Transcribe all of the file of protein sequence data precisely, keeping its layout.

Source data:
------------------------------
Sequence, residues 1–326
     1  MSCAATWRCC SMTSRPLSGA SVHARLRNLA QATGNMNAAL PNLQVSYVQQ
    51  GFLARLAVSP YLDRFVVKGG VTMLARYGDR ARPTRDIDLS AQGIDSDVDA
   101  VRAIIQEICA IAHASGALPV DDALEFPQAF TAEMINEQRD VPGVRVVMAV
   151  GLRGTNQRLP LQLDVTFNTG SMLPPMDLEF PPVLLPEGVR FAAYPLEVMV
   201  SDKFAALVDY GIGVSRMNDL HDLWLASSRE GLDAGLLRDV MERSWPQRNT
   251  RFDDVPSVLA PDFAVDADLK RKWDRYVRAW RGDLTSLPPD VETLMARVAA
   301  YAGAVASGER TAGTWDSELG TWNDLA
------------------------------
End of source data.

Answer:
Sequence, residues 1–326
     1  MSCAATWRCC SMTSRPLSGA SVHARLRNLA QATGNMNAAL PNLQVSYVQQ
    51  GFLARLAVSP YLDRFVVKGG VTMLARYGDR ARPTRDIDLS AQGIDSDVDA
   101  VRAIIQEICA IAHASGALPV DDALEFPQAF TAEMINEQRD VPGVRVVMAV
   151  GLRGTNQRLP LQLDVTFNTG SMLPPMDLEF PPVLLPEGVR FAAYPLEVMV
   201  SDKFAALVDY GIGVSRMNDL HDLWLASSRE GLDAGLLRDV MERSWPQRNT
   251  RFDDVPSVLA PDFAVDADLK RKWDRYVRAW RGDLTSLPPD VETLMARVAA
   301  YAGAVASGER TAGTWDSELG TWNDLA